Dave Bittner: Coming up after the break, Yohannes Ullrich from the SANS Technology Institute, tracks the scams following the failure of Silicon Valley Bank. Our guest is Chris Eng from Veracode, with a look at application security. Stay with us.

Dave Bittner: Security firm Veracode recently released their 2023 State of Security Software report, focusing this year on flaw introduction and what it means for an application's lifecycle when flaws are introduced. Chris Eng is chief research officer at Veracode.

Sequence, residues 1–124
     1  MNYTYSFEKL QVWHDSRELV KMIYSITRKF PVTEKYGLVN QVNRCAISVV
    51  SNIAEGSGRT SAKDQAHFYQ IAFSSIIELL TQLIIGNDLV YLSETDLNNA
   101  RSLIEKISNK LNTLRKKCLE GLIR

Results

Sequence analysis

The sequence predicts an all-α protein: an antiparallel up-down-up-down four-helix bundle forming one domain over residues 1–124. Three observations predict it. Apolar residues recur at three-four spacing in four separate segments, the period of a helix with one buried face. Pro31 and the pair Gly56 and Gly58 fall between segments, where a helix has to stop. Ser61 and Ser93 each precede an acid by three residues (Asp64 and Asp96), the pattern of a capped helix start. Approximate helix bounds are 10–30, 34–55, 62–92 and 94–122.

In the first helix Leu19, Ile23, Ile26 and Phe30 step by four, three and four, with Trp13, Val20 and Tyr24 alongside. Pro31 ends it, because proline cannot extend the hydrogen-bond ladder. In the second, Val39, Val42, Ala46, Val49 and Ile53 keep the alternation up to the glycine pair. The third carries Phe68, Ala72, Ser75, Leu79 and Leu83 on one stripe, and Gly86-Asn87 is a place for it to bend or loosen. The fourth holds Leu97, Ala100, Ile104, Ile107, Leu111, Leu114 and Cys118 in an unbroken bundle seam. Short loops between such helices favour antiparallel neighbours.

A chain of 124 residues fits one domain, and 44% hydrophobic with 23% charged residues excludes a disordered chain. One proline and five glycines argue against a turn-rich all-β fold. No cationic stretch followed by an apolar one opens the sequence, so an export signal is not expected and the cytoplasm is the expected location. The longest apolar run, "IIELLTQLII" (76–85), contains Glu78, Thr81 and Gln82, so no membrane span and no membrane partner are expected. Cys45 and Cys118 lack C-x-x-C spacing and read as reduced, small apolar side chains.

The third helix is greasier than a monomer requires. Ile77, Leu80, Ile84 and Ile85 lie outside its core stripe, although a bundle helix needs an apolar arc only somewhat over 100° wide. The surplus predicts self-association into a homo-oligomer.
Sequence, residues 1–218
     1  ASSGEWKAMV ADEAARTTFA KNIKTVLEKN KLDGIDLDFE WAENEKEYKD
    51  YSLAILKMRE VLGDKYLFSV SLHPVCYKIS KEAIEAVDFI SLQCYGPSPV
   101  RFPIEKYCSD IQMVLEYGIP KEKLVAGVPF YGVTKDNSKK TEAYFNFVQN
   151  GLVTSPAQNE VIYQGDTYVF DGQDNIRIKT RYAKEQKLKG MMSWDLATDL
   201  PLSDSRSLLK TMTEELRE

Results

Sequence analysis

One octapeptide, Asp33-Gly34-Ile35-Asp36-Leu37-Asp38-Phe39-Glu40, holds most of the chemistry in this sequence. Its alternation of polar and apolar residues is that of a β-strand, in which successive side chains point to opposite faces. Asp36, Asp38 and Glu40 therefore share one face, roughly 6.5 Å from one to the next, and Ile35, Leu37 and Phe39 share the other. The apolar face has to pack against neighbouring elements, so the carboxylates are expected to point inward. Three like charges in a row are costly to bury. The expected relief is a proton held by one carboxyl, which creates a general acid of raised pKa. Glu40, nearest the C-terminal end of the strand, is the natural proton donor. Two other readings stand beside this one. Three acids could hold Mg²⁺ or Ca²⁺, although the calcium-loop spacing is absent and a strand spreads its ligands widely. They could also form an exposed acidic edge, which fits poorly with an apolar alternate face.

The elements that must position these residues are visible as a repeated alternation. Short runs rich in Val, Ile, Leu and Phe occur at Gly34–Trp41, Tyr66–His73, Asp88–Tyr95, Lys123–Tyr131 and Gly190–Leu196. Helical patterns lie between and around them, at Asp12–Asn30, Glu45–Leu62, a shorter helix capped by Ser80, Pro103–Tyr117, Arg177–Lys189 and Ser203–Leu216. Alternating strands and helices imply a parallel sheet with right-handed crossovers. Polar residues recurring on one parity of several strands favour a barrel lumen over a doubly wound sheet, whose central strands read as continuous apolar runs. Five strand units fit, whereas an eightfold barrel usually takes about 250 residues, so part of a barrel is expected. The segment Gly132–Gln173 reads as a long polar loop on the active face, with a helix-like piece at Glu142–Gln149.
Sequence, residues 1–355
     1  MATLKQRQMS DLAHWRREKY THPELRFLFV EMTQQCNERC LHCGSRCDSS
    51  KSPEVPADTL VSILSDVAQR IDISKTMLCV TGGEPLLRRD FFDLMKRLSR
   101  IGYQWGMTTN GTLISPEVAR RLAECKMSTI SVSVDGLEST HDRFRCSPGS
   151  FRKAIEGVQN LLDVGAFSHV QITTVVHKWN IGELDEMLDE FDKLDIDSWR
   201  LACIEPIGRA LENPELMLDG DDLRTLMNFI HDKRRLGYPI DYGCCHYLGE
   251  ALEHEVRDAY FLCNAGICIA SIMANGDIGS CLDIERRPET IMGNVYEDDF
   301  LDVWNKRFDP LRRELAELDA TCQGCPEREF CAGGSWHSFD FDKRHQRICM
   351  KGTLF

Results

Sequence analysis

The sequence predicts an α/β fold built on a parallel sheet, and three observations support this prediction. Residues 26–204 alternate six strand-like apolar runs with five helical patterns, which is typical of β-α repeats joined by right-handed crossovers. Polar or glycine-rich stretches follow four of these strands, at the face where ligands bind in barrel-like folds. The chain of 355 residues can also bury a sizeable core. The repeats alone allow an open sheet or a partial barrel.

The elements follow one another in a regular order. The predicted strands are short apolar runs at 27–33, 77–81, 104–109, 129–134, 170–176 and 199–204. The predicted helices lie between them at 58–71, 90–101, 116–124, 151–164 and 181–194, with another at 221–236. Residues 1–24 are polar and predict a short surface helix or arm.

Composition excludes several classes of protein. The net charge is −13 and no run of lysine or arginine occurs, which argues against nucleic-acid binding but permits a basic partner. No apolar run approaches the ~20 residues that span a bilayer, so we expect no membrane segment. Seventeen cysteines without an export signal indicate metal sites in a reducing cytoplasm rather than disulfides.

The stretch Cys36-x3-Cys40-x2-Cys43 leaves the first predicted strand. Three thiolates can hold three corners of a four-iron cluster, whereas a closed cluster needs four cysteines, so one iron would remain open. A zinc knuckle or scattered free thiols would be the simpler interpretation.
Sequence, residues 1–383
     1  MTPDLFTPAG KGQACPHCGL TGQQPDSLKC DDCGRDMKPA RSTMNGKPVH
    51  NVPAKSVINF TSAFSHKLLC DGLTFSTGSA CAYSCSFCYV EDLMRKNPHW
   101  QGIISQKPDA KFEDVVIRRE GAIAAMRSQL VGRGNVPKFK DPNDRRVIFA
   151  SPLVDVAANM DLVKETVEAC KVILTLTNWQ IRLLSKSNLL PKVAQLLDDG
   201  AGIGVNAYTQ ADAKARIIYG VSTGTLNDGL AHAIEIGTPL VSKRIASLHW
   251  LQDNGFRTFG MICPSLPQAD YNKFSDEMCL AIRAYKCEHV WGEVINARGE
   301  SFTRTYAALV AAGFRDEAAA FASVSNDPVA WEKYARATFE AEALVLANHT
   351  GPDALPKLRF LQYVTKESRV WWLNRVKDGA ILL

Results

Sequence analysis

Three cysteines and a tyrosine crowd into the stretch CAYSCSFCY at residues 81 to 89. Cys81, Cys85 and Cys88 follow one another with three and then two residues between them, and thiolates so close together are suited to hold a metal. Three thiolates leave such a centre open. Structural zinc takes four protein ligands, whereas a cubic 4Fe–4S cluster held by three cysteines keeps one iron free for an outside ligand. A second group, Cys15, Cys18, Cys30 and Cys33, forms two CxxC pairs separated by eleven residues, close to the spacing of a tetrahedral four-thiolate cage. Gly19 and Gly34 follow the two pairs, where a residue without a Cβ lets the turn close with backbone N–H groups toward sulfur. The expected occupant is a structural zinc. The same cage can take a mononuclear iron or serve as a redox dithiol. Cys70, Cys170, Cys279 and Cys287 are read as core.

Chris Eng: This time, we decided to look at a couple of different angles. We try to, you know, not report on the same thing every time. But in the past, we've looked a lot at flaw accumulation, like what is the security debt that accumulates in an application over time. And this time, we took a slightly different angle and we looked at flaw arrival. What does -- what are the patterns associated with when flaws appear in applications? Which is slightly different. And so one of the surprises for us was that, when you look at applications, you know, you're always adding new code, you're adding new features, right. Any website out there, any application's always growing, very rarely shrinking. And so despite the fact that code bases are growing at, on average, about 40% a year, we don't see the same rate of flaw introduction at that steady rate of, you know, that mirrors that 40%. Instead what we see is, you know, at the beginning, you discover some flaws. About 30% of applications have some flaws, which may have accumulated up to the point where they've, you know, did their first scan. But over the next year or year and a half, that flaw arrival rate actually decreases. Developers introduce fewer flaws. Not zero, but it goes down to like the 20% range. After which, you know, you get to that one, one and a half year mark, and then they start steadily rising again, to where, you know, after you -- if you look all the way out to like the five-year mark, it's back above that 30% again. So we've kind of labeled this in the report as honeymoon phase, where there's just this 12 to 18 month period where fewer flaws are introduced before it kind of goes back to, you know, what we expect, which is like applications, you know, code base grows, you introduce more flaws, right. Nobody's -- nobody's perfect. That was very interesting for us to see, that it didn't -- it didn't correlate with the code base growth.